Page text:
In 1961, college students spent 16 hours in class each week and another 24 hours studying, making college the equivalent of a full-time job. Today, just 27 hours are spent in class and studying—or the same amount of time, the Washington Post points out, as the typical five-year-old spends in all-day kindergarten. The average amount of weekly study time has dwindled to about 15 hours, according to a new survey, but students are still skating by. "I do get good grades, and I’m not working very hard," says one sophomore. That type of statement is leading many to wonder if college students are actually learning anything for their increasingly costly tuition, or if they are simply getting, as one researcher puts it, "four or five years of country club living."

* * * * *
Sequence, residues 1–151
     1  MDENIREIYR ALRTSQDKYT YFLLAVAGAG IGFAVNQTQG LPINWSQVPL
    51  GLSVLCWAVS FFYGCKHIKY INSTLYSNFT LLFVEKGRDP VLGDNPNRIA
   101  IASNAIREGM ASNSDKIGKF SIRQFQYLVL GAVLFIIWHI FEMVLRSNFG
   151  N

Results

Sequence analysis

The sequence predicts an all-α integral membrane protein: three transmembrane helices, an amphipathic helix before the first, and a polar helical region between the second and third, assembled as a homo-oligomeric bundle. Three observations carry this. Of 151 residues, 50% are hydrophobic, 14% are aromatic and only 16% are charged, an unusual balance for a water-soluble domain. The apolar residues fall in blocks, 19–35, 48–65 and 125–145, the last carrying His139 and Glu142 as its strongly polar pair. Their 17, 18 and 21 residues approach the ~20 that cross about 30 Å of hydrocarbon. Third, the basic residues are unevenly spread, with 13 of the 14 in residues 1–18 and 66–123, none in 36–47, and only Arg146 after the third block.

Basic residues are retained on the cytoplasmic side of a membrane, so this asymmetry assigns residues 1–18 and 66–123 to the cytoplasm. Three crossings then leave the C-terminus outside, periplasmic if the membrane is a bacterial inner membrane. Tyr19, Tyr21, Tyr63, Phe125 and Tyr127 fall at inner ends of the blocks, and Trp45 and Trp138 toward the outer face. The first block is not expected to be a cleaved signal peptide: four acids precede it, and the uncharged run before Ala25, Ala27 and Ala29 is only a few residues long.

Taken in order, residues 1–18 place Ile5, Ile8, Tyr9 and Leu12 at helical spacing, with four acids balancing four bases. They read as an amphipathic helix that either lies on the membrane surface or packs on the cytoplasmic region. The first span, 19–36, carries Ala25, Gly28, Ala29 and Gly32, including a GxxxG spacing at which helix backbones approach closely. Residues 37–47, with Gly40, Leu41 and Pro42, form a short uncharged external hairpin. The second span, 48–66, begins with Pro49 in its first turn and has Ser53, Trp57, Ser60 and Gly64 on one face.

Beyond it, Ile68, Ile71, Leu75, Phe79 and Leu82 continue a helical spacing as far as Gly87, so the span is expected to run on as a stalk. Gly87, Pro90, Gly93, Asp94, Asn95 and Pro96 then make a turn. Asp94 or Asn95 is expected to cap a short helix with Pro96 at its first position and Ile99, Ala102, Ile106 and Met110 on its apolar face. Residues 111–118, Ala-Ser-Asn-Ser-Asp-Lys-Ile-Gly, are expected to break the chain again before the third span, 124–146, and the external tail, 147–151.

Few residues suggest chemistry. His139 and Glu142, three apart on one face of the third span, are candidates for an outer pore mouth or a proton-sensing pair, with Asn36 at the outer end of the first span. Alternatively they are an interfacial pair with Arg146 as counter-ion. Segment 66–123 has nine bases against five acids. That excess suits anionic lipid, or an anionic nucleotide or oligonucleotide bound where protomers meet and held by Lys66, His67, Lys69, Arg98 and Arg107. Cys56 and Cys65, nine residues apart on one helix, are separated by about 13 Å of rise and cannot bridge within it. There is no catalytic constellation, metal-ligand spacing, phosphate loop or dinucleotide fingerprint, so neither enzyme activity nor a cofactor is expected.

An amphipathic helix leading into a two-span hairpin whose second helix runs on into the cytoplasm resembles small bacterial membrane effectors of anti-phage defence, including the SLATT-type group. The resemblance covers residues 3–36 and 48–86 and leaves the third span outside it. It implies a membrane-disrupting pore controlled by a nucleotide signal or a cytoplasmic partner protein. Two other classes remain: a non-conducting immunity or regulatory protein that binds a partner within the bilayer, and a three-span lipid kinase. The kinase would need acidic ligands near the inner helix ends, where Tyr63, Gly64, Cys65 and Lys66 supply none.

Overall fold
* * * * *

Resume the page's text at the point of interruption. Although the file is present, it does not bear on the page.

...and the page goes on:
As for the students themselves, they're not necessarily lazier—many are working, caring for relatives, and commuting to class. In fact, the colleges that report more study time are typically small, often remote liberal-arts schools where students are not as likely to do any of those three things. Of course, choice of major also makes a difference: While architecture majors are still studying 24 hours per week, students of "parks, recreation, and leisure studies" study just 11. The full Washington Post article is worth a read, as are two other articles cited by the Post, here and here.